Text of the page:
Monday, January 23, 2012

Devices From Home and Innovation?

A year ago during our planning phases of 1:1 we had predicted students would eventually come to school with shinny new devices they had received from under the Christmas Tree.  Therefore, I shouldn't have been surprised when I returned to school after break to smiling faces telling me "guess what Mr. Braymer, I got an ipod touch for Christmas!"  I just hadn't thought it would happen so soon.  I currently have nine desktop computers in my classroom, so as far as the normal fourth grade room goes I have more than most.  But, with 25 students using them it can be difficult to manage.  With several students bringing their ipod touches, and nooks to school it noticeably frees up computers for other students.  Thanks parents!

This lead me to another thought.  We have been learning about the lumber era and how technology advancements lead to deforestation, and ultimately the end of unsustainable logging practices as they were known.  In short, technology lead to a complete overhaul in the way the lumber business was operated.  Why? because it didn't make sense to continue doing the job the way it was currently being done.

So, here we stand on the threshold of a massive change in the way educational practices have always been performed.  For so long the teacher has been the giver of information; the lead person with all the knowledge.  Now, it is obvious that technology has changed that matrix.  Zeeland has begun this journey as a leading player by putting such powerful devices in the hands of students.  These portable devices are forcing the education world into an overhaul of they way educators deliver content.  With these machines in the hands of our students, only time will tell how quickly we can innovate our practices to look more like the future that our students will be living in.  One thing is for sure; the information is at every one's finger tips all the time. 

Thursday, January 19, 2012

1st Semester Reflections

Here at the high school, it is hard to believe that our first semester of students and teachers with iPads is about to come to an end.  This semester has proven to be one of the most challenging, yet rewarding ones I have encountered in my teaching career.  With each year that has gone bye, I have considered myself to be a little bit better teacher than the year prior. I have been teaching in Zeeland for nearly twenty years and in that time, I have built up many resources to draw upon in instructing students.  Knowing that we would have iPads this year forced me (and many other teachers too I suspect) to re-examine how I go about doing some parts of my job.  It has been quite refreshing to go through filing cabinets, binders, folders, etc. of resources and decide what still is relevant and what is no longer useful material.  Thanks to bond issue money, I now have greater ease and ability to scan articles from magazines, newspapers, and supplemental text materials and create .PDF files that I can not only save, but share with students and other teachers has been positively impacted my teaching.  Students, with their iPads, are able to access this information daily and use it to help learn, collaborate, and reinforce concepts essential to becoming a capable 21st global citizens.  Certainly, the work is not done and another semester will soon begin.  Like Mike and Frank on American Pickers, I have more treasures to uncover and give new life to so that others may benefit.  Yes, if you didn't already know, I do teach social studies and like most social studies teacher, I am a pack rat.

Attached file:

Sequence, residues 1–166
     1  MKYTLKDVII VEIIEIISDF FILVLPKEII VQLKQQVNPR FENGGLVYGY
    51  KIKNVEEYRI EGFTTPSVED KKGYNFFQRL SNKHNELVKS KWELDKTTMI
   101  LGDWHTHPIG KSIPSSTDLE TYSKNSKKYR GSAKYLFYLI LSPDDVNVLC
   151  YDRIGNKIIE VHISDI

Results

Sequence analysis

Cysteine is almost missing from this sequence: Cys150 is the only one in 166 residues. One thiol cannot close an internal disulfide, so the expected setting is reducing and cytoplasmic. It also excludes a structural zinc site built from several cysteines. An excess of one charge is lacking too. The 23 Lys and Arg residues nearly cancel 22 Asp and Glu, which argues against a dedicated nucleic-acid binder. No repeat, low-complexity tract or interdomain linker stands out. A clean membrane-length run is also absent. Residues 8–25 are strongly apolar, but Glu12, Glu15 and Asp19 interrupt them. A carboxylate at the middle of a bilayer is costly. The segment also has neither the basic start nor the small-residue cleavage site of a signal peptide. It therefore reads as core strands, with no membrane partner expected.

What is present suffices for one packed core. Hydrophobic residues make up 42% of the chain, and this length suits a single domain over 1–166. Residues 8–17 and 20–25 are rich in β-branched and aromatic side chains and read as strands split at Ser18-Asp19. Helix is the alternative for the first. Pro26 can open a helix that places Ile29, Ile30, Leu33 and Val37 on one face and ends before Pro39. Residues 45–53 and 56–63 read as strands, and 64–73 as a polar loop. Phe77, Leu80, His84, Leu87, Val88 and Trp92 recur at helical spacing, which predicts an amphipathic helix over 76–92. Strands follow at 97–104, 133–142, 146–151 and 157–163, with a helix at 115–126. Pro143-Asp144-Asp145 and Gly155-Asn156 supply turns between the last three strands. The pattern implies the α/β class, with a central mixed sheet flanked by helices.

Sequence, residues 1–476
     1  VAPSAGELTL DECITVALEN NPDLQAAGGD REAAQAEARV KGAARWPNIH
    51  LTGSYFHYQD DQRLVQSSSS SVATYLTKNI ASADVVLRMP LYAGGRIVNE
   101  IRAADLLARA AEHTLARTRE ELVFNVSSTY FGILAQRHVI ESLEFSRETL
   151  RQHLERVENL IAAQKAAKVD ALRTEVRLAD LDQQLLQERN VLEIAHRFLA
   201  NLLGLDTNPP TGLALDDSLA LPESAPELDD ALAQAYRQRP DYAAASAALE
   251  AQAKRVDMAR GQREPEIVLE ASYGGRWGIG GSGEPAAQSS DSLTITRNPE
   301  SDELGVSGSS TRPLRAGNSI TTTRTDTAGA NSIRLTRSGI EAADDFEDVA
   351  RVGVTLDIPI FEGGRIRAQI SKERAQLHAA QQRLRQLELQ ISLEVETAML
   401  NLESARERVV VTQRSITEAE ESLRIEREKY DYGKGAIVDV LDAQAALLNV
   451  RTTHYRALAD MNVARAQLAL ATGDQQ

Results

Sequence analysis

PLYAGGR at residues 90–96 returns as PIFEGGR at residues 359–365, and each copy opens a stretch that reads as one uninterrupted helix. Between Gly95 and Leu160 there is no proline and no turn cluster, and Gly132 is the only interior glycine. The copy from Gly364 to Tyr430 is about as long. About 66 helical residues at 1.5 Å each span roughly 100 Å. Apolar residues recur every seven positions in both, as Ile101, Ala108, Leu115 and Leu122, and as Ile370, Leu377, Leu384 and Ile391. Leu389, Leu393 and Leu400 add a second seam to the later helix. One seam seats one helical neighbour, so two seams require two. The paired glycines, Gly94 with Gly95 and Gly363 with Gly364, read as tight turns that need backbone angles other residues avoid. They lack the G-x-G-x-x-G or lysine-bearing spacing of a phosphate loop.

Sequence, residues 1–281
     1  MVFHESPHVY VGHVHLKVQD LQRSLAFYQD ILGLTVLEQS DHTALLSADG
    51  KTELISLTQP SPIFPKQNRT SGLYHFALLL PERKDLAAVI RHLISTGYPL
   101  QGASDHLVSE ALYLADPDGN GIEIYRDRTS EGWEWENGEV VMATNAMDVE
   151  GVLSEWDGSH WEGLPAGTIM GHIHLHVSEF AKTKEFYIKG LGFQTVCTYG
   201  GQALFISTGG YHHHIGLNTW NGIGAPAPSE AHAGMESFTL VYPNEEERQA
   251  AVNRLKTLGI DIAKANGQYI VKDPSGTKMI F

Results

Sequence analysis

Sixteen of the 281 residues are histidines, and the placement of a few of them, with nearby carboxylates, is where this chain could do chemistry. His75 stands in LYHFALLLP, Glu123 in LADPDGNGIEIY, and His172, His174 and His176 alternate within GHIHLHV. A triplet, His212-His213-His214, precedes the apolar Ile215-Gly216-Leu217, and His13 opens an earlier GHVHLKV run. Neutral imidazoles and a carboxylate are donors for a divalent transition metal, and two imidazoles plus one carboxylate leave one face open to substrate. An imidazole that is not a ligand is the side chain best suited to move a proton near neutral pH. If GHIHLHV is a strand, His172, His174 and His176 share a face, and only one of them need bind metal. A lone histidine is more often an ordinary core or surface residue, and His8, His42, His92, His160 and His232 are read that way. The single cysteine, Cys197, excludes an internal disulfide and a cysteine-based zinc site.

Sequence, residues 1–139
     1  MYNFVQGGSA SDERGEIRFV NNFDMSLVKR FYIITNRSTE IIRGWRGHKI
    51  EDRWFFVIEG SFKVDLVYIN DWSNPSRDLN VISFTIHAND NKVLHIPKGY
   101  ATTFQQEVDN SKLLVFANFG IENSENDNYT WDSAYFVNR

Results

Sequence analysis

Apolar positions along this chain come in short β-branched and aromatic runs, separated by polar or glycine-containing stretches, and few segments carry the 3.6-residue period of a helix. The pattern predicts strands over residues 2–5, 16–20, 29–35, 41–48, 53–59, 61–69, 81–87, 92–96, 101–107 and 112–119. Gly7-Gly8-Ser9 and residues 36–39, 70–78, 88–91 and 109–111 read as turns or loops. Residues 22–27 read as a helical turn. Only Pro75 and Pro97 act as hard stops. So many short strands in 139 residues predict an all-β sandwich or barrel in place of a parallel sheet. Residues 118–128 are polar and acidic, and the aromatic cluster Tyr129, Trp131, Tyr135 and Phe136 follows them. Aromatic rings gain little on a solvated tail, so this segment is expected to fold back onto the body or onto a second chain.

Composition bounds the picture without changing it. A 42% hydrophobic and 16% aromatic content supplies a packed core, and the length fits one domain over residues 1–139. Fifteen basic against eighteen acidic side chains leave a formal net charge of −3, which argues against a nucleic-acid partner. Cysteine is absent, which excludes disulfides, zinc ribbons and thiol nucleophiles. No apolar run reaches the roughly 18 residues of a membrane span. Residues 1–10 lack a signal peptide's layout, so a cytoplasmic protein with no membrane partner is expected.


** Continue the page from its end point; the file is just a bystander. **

Monday, January 9, 2012

iPad Workshops for Parents - Teachers - Administrators

The Ottawa Area Intermediate School District (13565 Port Sheldon Street, Holland, MI 49424) is hosting iPad workshops.

Workshops by OAISD Staff:
iPads for Parents
Cost: @15.00 a workshop (dinner included)

iPads for Educators

Workshops by Scott Meech
Guest presenter Scott Meech is the  Director of Technology in Downers  Grove, Illinois, District #58.  Scott is a champion for the transformative nature  of technology, changing teaching and learning from a teacher-centered paradigm into a constructivist student centered approach.  He loves helping teachers learn to use iPad applications to improve student learning.  He’s an advocate for helping administrators  become more productive with iPad tools.  Scott was co-creator and a regularly contributor to, an educational site for evaluating and promoting the use of iPad and iOS devices to improve teaching and learning.  Audiences across the country enjoy Scott’s upbeat personality and practical approach to technology integration

iPads for All Learners
$50.00 - Lunch provided. Eligible for .6 SB-CEUs

iPads for Administrators
$25.00 - Eligible for .3 SB-CEUs

Integrating the iPad in Special Education Environments
@25.00 - Eligible for .3 SC-CEUs